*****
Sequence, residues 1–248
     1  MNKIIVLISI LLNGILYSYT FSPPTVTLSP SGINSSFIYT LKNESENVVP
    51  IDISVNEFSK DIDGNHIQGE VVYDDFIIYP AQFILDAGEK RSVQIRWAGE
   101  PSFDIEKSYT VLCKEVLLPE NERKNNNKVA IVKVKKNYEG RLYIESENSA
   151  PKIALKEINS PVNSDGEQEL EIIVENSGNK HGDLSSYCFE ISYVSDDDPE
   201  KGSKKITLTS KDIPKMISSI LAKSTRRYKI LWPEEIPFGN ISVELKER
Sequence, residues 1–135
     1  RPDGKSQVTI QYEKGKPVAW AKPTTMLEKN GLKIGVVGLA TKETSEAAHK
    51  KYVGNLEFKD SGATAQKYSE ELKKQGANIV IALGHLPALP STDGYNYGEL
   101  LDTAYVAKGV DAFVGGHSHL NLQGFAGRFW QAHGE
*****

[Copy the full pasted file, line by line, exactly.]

Sequence, residues 1–248
     1  MNKIIVLISI LLNGILYSYT FSPPTVTLSP SGINSSFIYT LKNESENVVP
    51  IDISVNEFSK DIDGNHIQGE VVYDDFIIYP AQFILDAGEK RSVQIRWAGE
   101  PSFDIEKSYT VLCKEVLLPE NERKNNNKVA IVKVKKNYEG RLYIESENSA
   151  PKIALKEINS PVNSDGEQEL EIIVENSGNK HGDLSSYCFE ISYVSDDDPE
   201  KGSKKITLTS KDIPKMISSI LAKSTRRYKI LWPEEIPFGN ISVELKER
Sequence, residues 1–135
     1  RPDGKSQVTI QYEKGKPVAW AKPTTMLEKN GLKIGVVGLA TKETSEAAHK
    51  KYVGNLEFKD SGATAQKYSE ELKKQGANIV IALGHLPALP STDGYNYGEL
   101  LDTAYVAKGV DAFVGGHSHL NLQGFAGRFW QAHGE